“Beck in 2013: Breaking Down the Door of ‘Postmodern Rock’ Didactic, Sifting Through ‘Fans'”

I used to be one of those pathetic douche bags who just liked to disagree with people, and when this guy at work said he liked Beck overall, his whole catalogue, I said I only liked his old stuff.
Something attracted me back to The Information, and I now find it better than Odelay. It’s similar, for the culturally replenishing fusion of genres, but somehow it’s more mature. This could have something to do with why I’d decided I didn’t like it — there’s nothing over-the-top about The Information, the way there was with many facets of Odelay, with its “jack-ass” naying, screaming at the beginning of “Minus” and weird cacophonous wizardry of hidden track, and with obviously Mellow Gold as well, with the stark genre disparities closely juxtaposed, and the infamous breaking of the glass at the start of “Truck Drivin’ Neighbors Downstairs.”
The post on motherboard.vice.com about the Beck album that could have been, which he ended up releasing as sheet music only, is especially helpful, and ingenious in referring to Beck as the “dada of postmodern rock” (though all rock is postmodern, if you wanna get technical, and do I ever), but to any fan of The Information, the answer to why the artist would deliberately place hurdles on the track to hearing his new album should be obvious. We’re all a bunch of dullards and dumbasses, and what’s worse, for some of us, Rolling Stone readers. Something against Rolling Stone. They happen to have ranked Gnarls Barkley’s “Crazy” as the best song of last decade. Here is a list of 30 songs from last decade that are each 30 times better than “Crazy”:
Radiohead – “In Limbo”
The New Pornographers – “The Bleeding Heart Show”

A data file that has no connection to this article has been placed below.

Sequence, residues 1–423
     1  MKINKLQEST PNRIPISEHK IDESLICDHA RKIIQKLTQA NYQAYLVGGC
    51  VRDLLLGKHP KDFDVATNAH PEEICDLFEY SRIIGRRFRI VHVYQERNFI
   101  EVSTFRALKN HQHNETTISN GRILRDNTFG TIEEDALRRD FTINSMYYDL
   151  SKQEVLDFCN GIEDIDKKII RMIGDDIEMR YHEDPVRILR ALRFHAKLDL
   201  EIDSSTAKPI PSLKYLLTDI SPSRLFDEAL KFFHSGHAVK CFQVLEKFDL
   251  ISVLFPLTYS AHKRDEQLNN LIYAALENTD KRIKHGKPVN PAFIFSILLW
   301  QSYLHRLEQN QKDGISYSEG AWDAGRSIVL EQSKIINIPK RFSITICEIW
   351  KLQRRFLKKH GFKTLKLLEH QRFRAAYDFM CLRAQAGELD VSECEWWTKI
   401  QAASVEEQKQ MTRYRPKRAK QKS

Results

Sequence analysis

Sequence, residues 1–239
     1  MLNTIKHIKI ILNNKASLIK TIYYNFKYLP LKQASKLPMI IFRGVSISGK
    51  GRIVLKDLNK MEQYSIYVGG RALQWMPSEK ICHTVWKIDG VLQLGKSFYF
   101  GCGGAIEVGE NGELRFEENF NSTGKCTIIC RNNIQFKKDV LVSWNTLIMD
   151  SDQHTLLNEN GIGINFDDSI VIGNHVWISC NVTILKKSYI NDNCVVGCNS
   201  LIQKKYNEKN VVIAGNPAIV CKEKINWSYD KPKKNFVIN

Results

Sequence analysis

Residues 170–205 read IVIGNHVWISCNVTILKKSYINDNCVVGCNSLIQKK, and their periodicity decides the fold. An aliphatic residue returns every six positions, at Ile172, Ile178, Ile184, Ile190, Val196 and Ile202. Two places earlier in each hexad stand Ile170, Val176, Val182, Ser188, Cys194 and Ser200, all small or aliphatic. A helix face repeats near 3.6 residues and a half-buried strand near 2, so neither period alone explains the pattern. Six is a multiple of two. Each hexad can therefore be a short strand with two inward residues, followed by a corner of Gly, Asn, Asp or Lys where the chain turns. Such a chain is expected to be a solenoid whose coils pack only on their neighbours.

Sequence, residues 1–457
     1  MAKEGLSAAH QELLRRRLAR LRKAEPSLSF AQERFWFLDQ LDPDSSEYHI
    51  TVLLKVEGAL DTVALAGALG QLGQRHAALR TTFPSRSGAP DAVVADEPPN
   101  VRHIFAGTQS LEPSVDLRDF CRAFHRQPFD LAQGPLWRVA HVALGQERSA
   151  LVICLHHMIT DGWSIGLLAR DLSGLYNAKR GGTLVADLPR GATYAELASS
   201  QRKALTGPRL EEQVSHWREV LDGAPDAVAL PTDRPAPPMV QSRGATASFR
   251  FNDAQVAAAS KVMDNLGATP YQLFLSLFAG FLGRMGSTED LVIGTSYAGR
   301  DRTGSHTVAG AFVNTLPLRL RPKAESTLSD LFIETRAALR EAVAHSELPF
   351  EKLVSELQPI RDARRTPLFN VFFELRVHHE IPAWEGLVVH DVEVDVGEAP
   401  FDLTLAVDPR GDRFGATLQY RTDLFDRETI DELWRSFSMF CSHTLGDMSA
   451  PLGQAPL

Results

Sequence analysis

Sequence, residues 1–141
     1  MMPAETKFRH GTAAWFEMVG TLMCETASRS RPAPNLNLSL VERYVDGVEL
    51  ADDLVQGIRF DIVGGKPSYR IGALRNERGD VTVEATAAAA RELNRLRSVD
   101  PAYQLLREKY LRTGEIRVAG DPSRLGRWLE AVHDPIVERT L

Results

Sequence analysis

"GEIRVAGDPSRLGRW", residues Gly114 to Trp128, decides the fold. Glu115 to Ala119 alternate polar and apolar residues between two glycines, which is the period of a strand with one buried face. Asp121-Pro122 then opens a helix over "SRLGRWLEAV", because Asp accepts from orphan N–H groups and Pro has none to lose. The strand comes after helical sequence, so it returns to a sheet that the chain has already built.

Belle and Sebastian – “We are the Sleepyheads”
Beck – “Movie Theme”
Wolf Parade – “Grounds for Divorce”
Ghostface Killah – “The Champ”
Clipse – “Chinese New Year”
Clap Your Hands Say Yeah – “Upon This Tidal Wave of Young Blood”
Beach House – “All the Years”
Cat Power – “Speak to Me”
Fleet Foxes – “He Doesn’t Know Why”
Modest Mouse – “Tiny Cities Made of Ashes”
Oxford Collapse – “Children’s Crusade”
Brother Ali – “Palm the Joker”
The Decemberists – “Summer Song”
Califone – “Burned by the Christians”
The Leo & The Pharmacists – “Where Have All the Rude Boys Gone?”
My Chemical Romance – “Disenchanted”
Mike Doughty – “American Car”
Liars – “It Fit When I was a Kid”
Aloha – “Boys in the Bathtub”
K-OS – “Emcee Murdah”
NOBODY – “Spin the Bright Sun Rose”
Black Mountain – “Don’t Run Our Hearts around”
Lily Allen – “Shame for You”
Grizzly Bear – “Lullaby”
Department of Eagles – “Phantom Other”
My Morning Jacket – “Gideon”
The Libertines – “Death on the Stairs”
Bon Iver – “Re:Stacks”
I’m not saying everyone was as addled and antagonistic as I was, but, in general, it’s possible that some people have the habit of glossing over music as if it’s disposable. The fact is that many if not all of these songs came during a semantically tough time in America, one in which we dealt with war in Iraq and the W. Bush admin., and these songs undoubtedly came as salvation for the artists themselves, and should have such for all of us. We should have celebrated them and duly rewarded them, but somehow, either we neglected to do this, or Rolling Stone deliberately deviates from public sentiment and good.
But anyway, getting back to the glass breaking on Mellow Gold, it’s interesting, I was trying to find a youtube clip of just the audio of Information‘s “We Dance Alone,” and it’s a hard album to do this for, possibly because of the whole blank cover/sticker gimmick, so I only found a live version. Its precursor is a long spoken-word introductory segment that’s entertaining for any fan, but I couldn’t help but be taken by the look, and the mood, that Beck gets, when he notices that one of his bandmates’ glass instruments is falling on the floor. He goes, “There’s glass on the floor!” You expect him to be offended or taken aback, but instead, all of a sudden we see a glimpse of the 1990’s visionary’s artistic psyche — he thrives on this chaos, and, it seems, only under this environment of stray glass shard pandemonium, is he able to bust into “We Dance Alone,” which is a brilliant song with an R&B tinge, featuring raps in the verses and a levity-seething, almost feminine sing-song chorus of beauty and sacrifice. It is, in short, an ingenious pop song, true to artist’s form.
Beck’s tired of spoon-feeding you. Help him help you. And ironically, it’s the hoboes walking around, probably, who barely have any access to the internet, if they can snag a computer at the library, who will be most enthusiastic about deciphering his new album. He’s making music for the people running through the mini-mall in their underwear, only tryin’ to get warm, they knew they never ever should have burnt their uniform.

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